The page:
Originally Posted by Techie007
To me, this borders on fanaticism and demonstrates a complete lack of knowledge as to what is actually possible. Samsung is already doing their best trick with RAPID. This is not a matter of being outclassed, it is a matter of understanding how data transfers are handled between storage devices and software. If Samsung's programmers were so great, we would not have had this issue in the first place, let alone a second time with the October fix
. I know the many stages the data goes through to get from the SSD to where it can be used by programs, and I will repeat: There is no way that the SSD can pretend to "read faster" than it really does. You can insert caching mechanisms like RAPID in the middle, but the end of the matter is that the SSD will have to retrieve data eventually because everything doesn't fit in RAM, and at that point, the SSD's real performance will show.
Once the SSD has fulfilled the data read request, there's no going back. Either the request was fulfilled successfully (no error code) and in full (all the data that was requested), or it was not. From a programs' standpoint, the fulfillment of the request comes with the data. There's no pretending to a benchmark program (especially ones like SSD Read Speed Tester
and File Bench
that go through the filesystem) that the reads were fulfilled sooner than they were. In other words, when the read request returns, it's returning with all the data, and the SSD can't say later "Oh, I've got more/revised data for you now." Besides actually improving their algorithms or overclocking the SSD (limited by its already designed thermal capabilities), the only corner they can cut is error correction. And if just a little corrupted data is returned—depending on when—your computer:
- Will BSOD instead of booting
- Won't be able to successfully boot to the desktop
- Will crash programs on a regular basis, particularly when loading them
- Will frequently report filesystem errors or missing files
So for these reasons, they can't bypass error correction. And error correction is rather black and white: Either the chunk just read (internally by the SSD) passes checksum, or it does not and needs to be read again. That leaves one possibility: The new read algorithm has a lower error rate and/or a better way of reevaluating data to pass checksum quickly.
While I'm fully with you guys that Samsung did a horrible job at customer service, I have the feeling from some of you that no matter what Samsung did to fix the 840 EVO, you would not be pacified. BUT: economically, I believe that Samsung made the best decisions. Coming clean publicly or giving more feedback to us about the issue—while appealing to technically inclined customers—would greatly spread word that there is something wrong with their SSDs. As things stand now, most people are using the old, initial firmware blissfully unaware of the slower performance they are experiencing, and meanwhile, tons of positive reviews on the SSDs are pouring into places like Amazon daily. Those of you who have been deeply offended are a very tiny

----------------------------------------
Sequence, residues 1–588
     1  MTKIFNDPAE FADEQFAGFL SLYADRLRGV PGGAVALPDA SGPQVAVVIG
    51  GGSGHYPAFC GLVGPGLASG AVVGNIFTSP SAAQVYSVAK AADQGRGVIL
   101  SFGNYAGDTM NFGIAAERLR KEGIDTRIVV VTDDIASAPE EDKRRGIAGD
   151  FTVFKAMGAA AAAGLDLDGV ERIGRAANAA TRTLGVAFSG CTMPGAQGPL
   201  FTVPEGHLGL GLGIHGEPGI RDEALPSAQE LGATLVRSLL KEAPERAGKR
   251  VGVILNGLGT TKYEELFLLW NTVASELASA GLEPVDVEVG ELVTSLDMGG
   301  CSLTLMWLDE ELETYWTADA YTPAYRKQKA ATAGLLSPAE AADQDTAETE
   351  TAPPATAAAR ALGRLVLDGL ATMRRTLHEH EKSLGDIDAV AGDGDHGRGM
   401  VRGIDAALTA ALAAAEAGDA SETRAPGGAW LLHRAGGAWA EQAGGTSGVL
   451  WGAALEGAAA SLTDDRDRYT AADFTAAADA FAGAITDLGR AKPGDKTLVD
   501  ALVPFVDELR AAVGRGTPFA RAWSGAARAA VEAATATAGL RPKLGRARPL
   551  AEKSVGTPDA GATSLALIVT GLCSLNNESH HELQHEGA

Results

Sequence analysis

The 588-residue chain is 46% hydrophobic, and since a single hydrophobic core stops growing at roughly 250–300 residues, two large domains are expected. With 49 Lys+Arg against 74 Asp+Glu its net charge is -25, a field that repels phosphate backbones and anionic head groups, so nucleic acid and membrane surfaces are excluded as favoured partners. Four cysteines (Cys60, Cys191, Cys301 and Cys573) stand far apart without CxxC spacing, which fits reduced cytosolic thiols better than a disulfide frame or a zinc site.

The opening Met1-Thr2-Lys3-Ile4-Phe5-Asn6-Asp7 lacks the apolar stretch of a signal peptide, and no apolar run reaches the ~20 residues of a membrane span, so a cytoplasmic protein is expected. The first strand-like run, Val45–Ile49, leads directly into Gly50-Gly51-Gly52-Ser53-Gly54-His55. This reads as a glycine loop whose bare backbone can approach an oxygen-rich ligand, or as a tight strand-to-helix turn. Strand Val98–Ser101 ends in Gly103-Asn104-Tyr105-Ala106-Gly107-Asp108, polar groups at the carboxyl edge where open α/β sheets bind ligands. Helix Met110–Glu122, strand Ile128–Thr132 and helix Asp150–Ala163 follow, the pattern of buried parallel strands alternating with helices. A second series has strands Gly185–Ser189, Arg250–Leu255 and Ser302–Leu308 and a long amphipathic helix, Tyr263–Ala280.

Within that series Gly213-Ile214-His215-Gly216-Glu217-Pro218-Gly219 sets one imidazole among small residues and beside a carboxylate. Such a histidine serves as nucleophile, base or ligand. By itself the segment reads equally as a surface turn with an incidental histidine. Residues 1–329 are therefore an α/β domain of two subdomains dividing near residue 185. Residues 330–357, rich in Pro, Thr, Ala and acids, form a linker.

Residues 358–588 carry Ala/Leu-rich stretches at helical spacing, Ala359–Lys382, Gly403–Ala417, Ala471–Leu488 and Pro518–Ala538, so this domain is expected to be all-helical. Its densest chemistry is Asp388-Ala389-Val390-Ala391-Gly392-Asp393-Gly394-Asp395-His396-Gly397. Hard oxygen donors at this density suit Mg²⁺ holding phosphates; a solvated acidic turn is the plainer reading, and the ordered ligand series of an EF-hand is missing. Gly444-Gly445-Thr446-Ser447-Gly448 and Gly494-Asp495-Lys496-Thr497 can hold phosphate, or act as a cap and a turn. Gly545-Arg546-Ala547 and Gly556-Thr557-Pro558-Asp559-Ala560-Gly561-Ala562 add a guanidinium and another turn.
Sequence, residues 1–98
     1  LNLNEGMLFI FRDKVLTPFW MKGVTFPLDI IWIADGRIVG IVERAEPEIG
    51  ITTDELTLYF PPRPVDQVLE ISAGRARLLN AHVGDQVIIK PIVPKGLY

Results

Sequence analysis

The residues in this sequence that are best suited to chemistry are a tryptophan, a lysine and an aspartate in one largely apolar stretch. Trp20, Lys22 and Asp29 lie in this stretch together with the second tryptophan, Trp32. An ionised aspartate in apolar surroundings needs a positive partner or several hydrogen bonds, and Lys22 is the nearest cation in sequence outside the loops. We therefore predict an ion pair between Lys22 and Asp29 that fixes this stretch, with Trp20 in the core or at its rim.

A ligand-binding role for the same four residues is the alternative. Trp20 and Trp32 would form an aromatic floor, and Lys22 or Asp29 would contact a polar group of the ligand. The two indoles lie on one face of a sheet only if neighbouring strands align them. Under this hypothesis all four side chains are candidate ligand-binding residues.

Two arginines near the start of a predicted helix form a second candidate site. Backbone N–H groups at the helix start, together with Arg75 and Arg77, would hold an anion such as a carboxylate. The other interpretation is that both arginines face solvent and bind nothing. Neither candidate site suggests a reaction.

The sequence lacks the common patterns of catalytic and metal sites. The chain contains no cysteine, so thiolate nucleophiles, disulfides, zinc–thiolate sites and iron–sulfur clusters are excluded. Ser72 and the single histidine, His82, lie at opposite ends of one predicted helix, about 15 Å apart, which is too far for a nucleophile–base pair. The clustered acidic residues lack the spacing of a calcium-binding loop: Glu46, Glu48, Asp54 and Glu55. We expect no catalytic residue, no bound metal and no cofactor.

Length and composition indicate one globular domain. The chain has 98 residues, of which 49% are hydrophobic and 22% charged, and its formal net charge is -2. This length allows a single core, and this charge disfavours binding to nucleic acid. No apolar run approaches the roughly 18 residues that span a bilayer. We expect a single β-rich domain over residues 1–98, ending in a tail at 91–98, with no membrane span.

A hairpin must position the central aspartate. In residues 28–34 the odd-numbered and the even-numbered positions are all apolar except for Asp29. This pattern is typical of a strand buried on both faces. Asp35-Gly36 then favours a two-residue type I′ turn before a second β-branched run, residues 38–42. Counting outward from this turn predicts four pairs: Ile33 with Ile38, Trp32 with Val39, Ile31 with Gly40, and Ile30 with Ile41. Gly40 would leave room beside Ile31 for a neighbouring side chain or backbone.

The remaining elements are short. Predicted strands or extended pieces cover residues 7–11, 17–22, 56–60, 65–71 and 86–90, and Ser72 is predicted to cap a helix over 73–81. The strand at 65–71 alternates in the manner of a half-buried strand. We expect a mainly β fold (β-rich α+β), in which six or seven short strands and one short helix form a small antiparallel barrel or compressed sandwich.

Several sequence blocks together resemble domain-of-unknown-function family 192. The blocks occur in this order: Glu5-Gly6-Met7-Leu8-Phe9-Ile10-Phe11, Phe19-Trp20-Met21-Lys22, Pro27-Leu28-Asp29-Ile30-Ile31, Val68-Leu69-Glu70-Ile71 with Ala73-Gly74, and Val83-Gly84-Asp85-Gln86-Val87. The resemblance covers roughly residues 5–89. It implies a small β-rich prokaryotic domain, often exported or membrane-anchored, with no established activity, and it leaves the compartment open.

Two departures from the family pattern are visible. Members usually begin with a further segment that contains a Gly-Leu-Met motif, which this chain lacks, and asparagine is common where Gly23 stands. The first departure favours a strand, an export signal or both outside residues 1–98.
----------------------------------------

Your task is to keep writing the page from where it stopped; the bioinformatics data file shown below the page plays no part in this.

part of their customer base.
You are under the mistaken impression that your software (and any other) can't be fooled by a few lines of code.
Check for programs X,Y,Z. Do this.
Easy to do and is the level that Samsung has fallen too many times before. Any benchmark program including your utility doesn't do anything with the data, it merely returns 'data was read'. Therefore no error correction or bypassing of such needed.
My theory also explains the new BSOD's, btw. While your position is based on a Samsung that wants to do their best for it's customers and they have blatantly shown time and again that is not what they're here to do.
Step back from how unlikely it is for Samsung to do such dastardly deeds and then maybe you too will see how all (or at least some) of your support for Samsung is misplaced.
You and others here should not be defending Samsung, that is their job. But they're not and that is the first clue that their goals are not as altruistic as you and a few other here think they are.
And because of this, I'm sure that we'll be discussing this same/related issue in a few months from now again. Because fix #3 will be in the wild for an issue that originated in the middle of 2013.